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Return to:  CONVERSION – Looking for Signs of Land
CONTENTS

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Copyright 2013.   All Rights Reserved.

Posted also on www.JaneJimenez.com
JANE JIMENEZ – ALL THINGS WRITTEN

GodTalk

Inkwell Feather 2I write.  I want to make GodTalk.

As a relatively new believer of only six years, I often feel stuck in the middle of two opposing worlds.  The world I left behind, my past life before Jesus, has my history, my dearest friends, and my family.  But it has almost no GodTalk.Psalm Title Board

Yes, I still get together with old friends.  And yes, they talk about ‘god.’  But he is only a speculation, a question mark, a little ‘g.’   He is the god of spirits and ghosts and angels that are fun to watch on make-believe television.   And when a click of the remote passes by the waving, prancing preachers who ‘do’ religion on television, my friends smile.  They even tell me God might really be out there, somewhere.  But that’s not GodTalk.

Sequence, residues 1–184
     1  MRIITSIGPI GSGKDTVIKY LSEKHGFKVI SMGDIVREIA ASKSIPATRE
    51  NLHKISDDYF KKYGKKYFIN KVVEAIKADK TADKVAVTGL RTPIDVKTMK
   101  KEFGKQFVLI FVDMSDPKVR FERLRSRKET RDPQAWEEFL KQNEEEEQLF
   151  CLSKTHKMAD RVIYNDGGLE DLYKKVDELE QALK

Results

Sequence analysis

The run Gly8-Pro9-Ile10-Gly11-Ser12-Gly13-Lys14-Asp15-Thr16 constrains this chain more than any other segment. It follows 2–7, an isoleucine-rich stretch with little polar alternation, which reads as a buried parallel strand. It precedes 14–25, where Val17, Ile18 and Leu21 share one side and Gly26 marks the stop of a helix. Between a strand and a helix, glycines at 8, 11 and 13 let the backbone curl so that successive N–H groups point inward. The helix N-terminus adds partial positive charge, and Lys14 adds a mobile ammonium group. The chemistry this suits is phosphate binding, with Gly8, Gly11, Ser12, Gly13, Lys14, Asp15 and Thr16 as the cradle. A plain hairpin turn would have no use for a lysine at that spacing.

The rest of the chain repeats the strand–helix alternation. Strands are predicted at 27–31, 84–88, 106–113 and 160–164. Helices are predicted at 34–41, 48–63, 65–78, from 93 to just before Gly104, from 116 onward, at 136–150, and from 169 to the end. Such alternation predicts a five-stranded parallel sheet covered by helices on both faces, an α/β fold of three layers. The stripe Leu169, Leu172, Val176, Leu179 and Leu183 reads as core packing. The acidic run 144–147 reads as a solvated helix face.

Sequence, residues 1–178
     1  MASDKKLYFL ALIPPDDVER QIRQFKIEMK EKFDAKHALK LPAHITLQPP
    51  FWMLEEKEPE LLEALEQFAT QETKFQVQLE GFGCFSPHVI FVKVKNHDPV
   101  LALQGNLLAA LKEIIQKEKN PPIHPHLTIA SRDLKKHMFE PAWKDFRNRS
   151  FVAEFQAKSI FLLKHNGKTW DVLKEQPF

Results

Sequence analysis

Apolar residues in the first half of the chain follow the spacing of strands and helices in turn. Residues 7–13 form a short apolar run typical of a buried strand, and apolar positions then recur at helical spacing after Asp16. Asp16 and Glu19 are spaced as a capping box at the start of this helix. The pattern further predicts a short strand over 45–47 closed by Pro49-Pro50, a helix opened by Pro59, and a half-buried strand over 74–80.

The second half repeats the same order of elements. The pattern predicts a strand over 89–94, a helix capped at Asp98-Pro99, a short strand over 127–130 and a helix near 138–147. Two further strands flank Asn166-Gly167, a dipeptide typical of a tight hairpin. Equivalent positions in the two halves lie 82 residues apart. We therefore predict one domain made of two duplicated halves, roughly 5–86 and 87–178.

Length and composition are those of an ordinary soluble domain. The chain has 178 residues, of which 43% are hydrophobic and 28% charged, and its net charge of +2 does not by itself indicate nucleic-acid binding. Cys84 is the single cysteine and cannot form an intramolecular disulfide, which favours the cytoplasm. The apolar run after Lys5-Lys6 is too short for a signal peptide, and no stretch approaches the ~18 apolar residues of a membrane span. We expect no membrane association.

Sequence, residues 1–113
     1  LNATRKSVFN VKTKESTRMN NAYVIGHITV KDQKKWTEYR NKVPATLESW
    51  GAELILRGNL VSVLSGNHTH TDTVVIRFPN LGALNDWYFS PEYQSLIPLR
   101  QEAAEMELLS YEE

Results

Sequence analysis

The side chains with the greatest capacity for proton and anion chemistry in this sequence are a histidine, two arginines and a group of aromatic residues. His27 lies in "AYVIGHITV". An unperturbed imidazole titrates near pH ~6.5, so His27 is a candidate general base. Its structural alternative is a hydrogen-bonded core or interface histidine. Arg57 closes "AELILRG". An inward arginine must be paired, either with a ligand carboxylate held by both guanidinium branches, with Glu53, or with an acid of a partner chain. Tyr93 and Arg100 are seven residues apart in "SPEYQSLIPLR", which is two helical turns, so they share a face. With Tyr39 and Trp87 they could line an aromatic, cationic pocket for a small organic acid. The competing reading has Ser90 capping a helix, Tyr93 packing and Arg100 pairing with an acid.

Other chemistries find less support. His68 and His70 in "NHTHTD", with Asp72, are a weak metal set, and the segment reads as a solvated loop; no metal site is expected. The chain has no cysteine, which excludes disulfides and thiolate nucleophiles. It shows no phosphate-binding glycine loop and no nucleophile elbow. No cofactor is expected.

Bible Reading Praying HandsIn my new life born of Jesus, when I visit with my new friends, there’s plenty of GodTalk.  It’s all about finding God’s will, submitting it to the Lord, and praising the day my Savior redeemed me.  But that’s not GodTalk, either.  This is privileged communication between believers, privileged because we’ve taken the time to learn some special words, short-cut words to explain how we feel.  But the only people who can possibly understand us are other believers.Pilgrims 2

GodTalk is special.  It’s the bridge between these two worlds of my life.  It’s more than words.  It is attitude, an openness to hearing God.  It is watchfulness, the desire to see God in the simple things of the world.  It is the willingness of a heart to meet God, to really have a desire to answer him with our life when we ask Him if He’s there.